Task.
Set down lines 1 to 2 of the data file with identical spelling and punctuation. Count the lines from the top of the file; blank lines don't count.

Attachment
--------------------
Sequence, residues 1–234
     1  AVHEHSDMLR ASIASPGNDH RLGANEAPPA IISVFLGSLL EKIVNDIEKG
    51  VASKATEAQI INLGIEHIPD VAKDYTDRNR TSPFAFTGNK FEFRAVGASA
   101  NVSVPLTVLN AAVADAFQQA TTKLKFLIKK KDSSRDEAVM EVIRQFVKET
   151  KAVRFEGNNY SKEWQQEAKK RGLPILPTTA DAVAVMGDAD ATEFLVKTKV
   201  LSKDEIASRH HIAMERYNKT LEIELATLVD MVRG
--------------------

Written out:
Sequence, residues 1–234
     1  AVHEHSDMLR ASIASPGNDH RLGANEAPPA IISVFLGSLL EKIVNDIEKG